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who will own mobile search?
The likes of Google and Yahoo are pushing hard for a presence in the mobile market. But will competition or collaboration drive the market for mobile search? Andy Walker of m-spatial thinks the mobile operators will have to get themselves organised, and suggests that ‘local search’ will play a key role …

Mobile search has rarely been out of the news in early 2006, thanks principally to the plethora of partnerships between Google and major mobile players, and Microsoft’s entry into the arena with the acquisition of MotionBridge. In reality, though, internet search and operator communities are in a remarkably competitive position. Both are pushing to own the consumer; and as far as the man on the street is concerned, the internet giants’ brand loyalty may very well eclipse that of the operator.
The operators are being kept awake at night by the spectre of the major internet circumventing the mobile portals in which they have invested so much. Should they prove the benefits of their portals and encourage on-portal co-operation, or suitup for off-portal competition?

Portal wars
As household names, the search giants have the potential to persuade large numbers of consumers to abandon operator portals altogether and instead access their data services directly via branded off-portal search engines. Add to the mix a ‘free-to-consumer’ internet business model, and the premium rate content services underpinning many operator portals begin to look decidedly unappealing.
However, whilst there are obvious attractions to collaborating with the search players, mobile networks need to leverage their existing assets to consider cooperation from a position of strength. This means exploiting their expertise, heritage and the innovative players in their existing value chain to ensure the most compelling overall mobile search experience.
It is increasingly accepted that the area showing most consumer value is mobile local search. Analysts Kelsey Group estimate local search accounted for 20% of all online search queries in 2005, suggesting a $5.1bn revenue projection for North American local search by 2009. The immediacy of need from ‘on-the-move’ consumers and the ability to deliver these users to local merchants as qualified leads, (through a highly targeted, non-intrusive contextual advertising model), is likely to see this figure eclipsed in the mobile environment.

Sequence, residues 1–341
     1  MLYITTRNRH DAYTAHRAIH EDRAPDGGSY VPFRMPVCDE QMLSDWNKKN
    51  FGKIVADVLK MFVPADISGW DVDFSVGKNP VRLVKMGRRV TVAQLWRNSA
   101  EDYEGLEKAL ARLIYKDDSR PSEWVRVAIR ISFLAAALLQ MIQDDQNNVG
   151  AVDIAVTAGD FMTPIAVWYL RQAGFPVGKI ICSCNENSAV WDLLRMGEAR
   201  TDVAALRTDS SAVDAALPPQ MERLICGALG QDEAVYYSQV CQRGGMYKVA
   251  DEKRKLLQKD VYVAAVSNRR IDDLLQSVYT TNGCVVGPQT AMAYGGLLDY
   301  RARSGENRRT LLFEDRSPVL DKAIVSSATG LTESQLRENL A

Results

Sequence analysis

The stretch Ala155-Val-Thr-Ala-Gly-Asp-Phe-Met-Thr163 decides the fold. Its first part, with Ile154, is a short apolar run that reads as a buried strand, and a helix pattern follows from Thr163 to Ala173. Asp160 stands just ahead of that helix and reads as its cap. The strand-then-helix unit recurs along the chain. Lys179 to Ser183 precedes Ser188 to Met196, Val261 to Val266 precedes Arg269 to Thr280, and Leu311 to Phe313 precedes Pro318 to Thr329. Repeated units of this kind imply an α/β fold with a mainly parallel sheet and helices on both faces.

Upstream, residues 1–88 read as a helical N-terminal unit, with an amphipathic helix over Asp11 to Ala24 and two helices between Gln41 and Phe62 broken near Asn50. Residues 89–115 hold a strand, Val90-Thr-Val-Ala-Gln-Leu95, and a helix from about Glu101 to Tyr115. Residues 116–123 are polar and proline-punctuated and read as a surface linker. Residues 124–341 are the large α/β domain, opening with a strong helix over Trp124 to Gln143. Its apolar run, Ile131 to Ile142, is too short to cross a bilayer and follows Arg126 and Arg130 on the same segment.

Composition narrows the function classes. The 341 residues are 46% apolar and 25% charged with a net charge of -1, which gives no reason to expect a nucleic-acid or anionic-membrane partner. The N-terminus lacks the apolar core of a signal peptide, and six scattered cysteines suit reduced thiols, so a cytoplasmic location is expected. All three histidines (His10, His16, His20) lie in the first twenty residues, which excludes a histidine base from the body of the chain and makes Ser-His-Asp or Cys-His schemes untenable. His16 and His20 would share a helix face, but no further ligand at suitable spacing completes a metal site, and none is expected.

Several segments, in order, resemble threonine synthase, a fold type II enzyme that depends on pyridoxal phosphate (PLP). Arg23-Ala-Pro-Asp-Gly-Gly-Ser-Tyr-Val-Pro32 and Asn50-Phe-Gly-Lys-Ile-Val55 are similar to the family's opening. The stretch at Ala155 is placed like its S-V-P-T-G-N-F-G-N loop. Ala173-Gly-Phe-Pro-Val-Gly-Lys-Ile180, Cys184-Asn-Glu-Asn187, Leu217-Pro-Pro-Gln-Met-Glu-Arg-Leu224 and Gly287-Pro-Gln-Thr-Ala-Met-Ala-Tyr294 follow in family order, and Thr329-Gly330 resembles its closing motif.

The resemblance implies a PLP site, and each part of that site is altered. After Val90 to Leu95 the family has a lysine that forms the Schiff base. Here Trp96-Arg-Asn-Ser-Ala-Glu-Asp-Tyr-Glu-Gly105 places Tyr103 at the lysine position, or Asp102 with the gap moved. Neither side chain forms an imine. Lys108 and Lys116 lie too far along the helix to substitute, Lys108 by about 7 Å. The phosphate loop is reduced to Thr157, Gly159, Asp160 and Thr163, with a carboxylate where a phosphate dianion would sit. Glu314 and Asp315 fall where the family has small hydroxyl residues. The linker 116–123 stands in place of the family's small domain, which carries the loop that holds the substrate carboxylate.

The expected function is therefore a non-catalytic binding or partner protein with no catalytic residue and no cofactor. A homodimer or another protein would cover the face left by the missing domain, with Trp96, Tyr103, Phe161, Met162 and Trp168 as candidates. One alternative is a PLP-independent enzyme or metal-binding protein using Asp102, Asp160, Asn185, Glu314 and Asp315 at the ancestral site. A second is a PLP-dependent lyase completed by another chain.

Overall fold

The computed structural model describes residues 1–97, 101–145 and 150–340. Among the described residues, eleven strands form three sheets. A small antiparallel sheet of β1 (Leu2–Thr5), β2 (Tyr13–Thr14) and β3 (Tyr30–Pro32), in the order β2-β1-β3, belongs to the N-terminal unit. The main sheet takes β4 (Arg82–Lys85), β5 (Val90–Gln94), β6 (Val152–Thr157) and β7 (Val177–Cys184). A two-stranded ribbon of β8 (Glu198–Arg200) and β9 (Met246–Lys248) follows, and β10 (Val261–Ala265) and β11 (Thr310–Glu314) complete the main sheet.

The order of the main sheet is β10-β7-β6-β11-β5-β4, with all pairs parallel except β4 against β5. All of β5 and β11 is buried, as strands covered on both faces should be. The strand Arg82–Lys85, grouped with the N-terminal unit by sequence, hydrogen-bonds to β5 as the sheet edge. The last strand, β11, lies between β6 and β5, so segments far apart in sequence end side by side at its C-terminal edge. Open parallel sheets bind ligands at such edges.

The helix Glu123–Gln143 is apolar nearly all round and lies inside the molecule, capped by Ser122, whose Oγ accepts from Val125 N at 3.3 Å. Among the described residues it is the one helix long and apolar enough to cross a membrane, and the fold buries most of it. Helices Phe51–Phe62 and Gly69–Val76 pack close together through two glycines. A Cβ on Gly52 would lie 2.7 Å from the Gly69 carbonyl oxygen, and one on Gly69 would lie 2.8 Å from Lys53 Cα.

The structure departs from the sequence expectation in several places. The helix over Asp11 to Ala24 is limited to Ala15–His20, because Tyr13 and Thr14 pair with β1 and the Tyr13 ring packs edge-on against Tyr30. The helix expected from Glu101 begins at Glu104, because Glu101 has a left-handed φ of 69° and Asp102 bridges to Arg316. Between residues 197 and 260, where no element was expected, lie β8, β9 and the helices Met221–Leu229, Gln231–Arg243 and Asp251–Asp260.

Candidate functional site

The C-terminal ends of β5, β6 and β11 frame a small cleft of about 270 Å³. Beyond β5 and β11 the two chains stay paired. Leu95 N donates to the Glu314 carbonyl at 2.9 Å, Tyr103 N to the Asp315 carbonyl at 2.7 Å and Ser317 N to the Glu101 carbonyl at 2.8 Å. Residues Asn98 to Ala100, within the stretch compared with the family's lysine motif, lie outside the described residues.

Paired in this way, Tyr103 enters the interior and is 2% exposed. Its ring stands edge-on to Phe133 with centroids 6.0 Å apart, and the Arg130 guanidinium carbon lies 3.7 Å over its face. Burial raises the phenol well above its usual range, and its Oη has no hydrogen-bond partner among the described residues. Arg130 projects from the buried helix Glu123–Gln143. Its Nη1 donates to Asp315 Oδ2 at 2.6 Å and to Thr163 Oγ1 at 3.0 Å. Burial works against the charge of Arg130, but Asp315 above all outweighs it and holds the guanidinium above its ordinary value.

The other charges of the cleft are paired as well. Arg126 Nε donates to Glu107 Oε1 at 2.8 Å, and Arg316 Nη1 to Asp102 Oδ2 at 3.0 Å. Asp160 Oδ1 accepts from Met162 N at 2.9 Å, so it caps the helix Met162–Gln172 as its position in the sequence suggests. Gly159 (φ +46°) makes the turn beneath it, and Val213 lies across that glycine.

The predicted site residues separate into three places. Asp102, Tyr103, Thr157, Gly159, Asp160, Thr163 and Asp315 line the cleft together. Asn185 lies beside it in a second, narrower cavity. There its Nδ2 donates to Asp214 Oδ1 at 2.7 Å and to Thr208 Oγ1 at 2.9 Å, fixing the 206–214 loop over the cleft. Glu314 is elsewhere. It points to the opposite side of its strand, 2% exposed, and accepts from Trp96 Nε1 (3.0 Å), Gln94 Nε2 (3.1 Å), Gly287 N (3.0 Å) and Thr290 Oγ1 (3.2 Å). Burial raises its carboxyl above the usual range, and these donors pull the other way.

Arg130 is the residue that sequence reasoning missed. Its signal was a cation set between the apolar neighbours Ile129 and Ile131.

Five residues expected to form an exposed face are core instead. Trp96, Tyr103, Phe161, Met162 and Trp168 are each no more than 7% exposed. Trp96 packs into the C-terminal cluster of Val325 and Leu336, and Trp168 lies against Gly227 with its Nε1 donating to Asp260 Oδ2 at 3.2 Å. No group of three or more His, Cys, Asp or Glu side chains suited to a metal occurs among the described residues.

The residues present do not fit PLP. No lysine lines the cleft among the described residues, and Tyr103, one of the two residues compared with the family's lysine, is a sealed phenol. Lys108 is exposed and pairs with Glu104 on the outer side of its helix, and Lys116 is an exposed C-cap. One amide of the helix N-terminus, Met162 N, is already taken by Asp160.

The mobile difference

Of course, consumer adoption is predetermined by how intuitive and easy the interface is, and fortunately for MNOs this is where cracks appear when taking an online service into the mobile world. The conventional ‘type, browse and choose’ internet search delivers access to multiple results gathered from largely unstructured ‘web-crawled’ content – not a viable user experience on the handset.
Furthermore, the small screen and keypad, and the limited patience of the mobile user wanting immediate in-depth information, offers significant challenges. What is required is a radical new approach that takes advantage of structured mobile content sources and eliminates the trial and error element of so many internet searches.

Good news
This is good news for MNOs. Firstly, they have access to a value chain of innovative and fast moving suppliers who can deliver ‘made for mobile’ technology within a white label business model. Secondly, they have the advantage of an established and growing content ecosystem for providing the multiple sources of structured content that is required.
So rather than presenting the user with a text-based search box, a structured underlying content base enables users to ‘discover’ the information via a dynamic ‘assisted browsing’ menu-driven experience. This approach minimises typing and the need to browse irrelevant results.
It can also take advantage of contextual information such as ‘time of day’ and ‘user profile’ to present options to the user in order of likely relevance – a critical feature for a successful mobile service.
Deploy this as a single on-portal ‘front end’, aggregating information from multiple local content sources from across the mobile internet, and you create a specific ‘made for mobile’ application to impress even the most cynical of searchers.
This also offers the dual benefit of giving consumers quick access to many existing on-portal services, currently deeply hidden from all but the most determined portal users.
By offering a compelling mobile local search user experience sourced from innovative suppliers, and taking advantage of their existing content eco-systems, MNOs can generate new revenues and radically improve the usability of their mobile portals. In doing so they not only leave their options open to collaborate closely with the major search engine players, but do so from a position of greatly increased strength.

Andy Walker is CEO of m-spatial, based in Cambridge and regarded as the market leader in mobile local search.

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